Trouble is the FSPR has been open to exploitation by overseas based people with nefarious intentions. That’s because a company can register on the FSPR if it has a place of business in NZ, regardless of where in the world its financial services are targeted or provided. This means entities can, and have, set up superficial operations in NZ. These firms typically register to provide financial services that don't require licensing in NZ, such as foreign exchange, or forex, services. There's no pre-vetting by a NZ regulator, and they usually don't tend to offer financial services within NZ. These entities have, however, been able to use their NZ registration overseas to give a false impression that they are actually regulated in NZ and trade off this country's good name. (See more on this here).

Under law changes due to come into force in mid-2020, Registrar of Companies and Financial Service Providers Ross van der Schyff will be able to deregister from the FSPR any registered providers that only have overseas customers, unless the provider is required to be licensed or registered by another Act, or the provider is a reporting entity to which the Anti-Money Laundering and Countering Financing of Terrorism Act applies. However, I argue here that the FSPR is outdated and NZ no longer needs it.

Meanwhile, despite being deregistered from the FSPR, FXBTG is able to remain as a registered NZ company.

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"despite being deregistered from the FSPR, FXBTG is able to remain as a registered NZ company." and that's all it needs. 9/10 clients who use this kind of retail service don't read the small print. Who read the blurb from Google on the last update to their Android phone, for instance?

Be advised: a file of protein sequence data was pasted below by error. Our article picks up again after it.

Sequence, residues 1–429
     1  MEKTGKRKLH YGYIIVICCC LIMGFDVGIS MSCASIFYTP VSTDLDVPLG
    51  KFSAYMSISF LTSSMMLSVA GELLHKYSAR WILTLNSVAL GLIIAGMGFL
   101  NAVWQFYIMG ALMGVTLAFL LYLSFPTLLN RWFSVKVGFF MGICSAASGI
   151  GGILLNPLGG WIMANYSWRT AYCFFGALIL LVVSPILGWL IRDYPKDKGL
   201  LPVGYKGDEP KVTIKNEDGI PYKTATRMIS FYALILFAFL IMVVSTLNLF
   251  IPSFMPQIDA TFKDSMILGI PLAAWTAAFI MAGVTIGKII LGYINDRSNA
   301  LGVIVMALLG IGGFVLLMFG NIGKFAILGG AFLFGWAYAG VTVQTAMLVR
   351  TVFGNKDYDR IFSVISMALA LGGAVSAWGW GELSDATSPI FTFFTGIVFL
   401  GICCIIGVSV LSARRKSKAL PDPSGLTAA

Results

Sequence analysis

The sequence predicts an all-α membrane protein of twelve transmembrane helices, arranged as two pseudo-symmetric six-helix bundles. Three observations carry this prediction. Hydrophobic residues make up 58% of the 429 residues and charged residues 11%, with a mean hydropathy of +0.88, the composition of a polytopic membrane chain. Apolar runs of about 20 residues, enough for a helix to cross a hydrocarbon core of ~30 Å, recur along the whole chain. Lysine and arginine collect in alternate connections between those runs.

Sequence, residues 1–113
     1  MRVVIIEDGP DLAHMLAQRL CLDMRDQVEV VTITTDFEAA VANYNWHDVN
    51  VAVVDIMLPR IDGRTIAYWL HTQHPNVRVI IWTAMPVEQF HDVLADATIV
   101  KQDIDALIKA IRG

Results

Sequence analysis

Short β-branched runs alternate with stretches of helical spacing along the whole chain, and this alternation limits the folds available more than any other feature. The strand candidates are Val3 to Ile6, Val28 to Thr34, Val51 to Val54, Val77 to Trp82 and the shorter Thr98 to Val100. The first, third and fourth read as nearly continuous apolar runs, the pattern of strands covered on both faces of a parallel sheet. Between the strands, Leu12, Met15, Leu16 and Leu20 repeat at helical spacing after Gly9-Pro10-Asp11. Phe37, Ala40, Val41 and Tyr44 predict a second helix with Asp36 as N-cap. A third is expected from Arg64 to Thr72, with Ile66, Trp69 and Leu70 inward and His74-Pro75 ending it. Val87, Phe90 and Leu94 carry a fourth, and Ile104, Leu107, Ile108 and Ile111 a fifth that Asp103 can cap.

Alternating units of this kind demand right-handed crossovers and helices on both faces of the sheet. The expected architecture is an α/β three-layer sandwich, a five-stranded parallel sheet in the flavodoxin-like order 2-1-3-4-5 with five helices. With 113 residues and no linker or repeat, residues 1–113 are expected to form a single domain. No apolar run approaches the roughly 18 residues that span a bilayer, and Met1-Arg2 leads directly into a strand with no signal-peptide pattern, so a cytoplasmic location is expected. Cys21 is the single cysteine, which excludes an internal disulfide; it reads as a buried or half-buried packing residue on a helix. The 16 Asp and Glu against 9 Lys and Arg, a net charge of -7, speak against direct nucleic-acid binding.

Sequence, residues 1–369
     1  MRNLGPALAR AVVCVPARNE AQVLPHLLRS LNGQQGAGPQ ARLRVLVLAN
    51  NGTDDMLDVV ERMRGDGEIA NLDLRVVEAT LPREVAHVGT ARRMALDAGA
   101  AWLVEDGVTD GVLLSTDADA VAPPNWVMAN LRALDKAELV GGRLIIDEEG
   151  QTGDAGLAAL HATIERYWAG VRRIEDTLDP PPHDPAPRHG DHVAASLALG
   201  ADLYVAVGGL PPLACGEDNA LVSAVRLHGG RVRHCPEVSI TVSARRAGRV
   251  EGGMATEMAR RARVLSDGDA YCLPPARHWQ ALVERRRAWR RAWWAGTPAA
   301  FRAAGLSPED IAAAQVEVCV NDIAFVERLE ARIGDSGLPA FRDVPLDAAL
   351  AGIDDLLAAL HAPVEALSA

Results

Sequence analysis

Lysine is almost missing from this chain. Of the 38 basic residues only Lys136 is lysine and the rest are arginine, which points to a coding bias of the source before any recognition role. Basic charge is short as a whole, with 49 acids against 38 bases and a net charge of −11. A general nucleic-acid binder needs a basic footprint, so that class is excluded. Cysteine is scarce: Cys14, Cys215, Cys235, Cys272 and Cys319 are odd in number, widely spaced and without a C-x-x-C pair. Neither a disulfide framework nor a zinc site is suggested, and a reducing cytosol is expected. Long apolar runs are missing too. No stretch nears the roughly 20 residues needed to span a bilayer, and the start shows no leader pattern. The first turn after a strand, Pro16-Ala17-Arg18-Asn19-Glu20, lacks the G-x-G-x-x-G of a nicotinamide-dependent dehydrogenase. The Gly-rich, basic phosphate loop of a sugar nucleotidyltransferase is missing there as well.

Need compnies to run parallel economy - very famous in that part of thecworld. Also was needed to put money into housing market in NZ.

Everyone know even the government is aware of everything but was need of the hour to run ROCK STAR Ecenomy.

Two layers of economic policy.

The stated, public-facing layer, and the layer politicians won't talk about. No wonder the previous government dragged its feet on Anti Money Laundering legislation.

https://www.bizdb.co.nz/company/9429042001164/

Xiaomin Li is also sole director of New Capital Management Ltd which is run out of the same apartment.

Looks like a money laundry for Chinese money right?

They send the money over here, do some 'foreign currency trading' and hey presto, they have clean money sent back.

NZ was (hopefully is past) Tax heaven to park money - money laundering

Does this story warrant headlines? This so-called infringement should be run-of-the-mill enforcement by the FMA. Next minute we'll be giving FMA a bravery award for exceptional services. I would have thought this is what the FMA staff were paid to do. We all well know by now that many new immigrants 'try it on'...you just have to look at those who come before the Real Estate Institute Disiplinary Tribunal and the Tenancy Tribunal.
This is just another big yawn.
It also makes a mockery of all the rorts and ineptitudes that neither the FMA nor any other watchdog is able to deal with in our backyard...rorts that are costing the country billions e.g. 'phoenix' building companies and general incompetence and under-training in the building industry.

No Happy Ending here....

Why indeed. Most likely to take advantage of weak NZ company act and establishment processes for purposes not related to operating a genuine tax creating operation in NZ.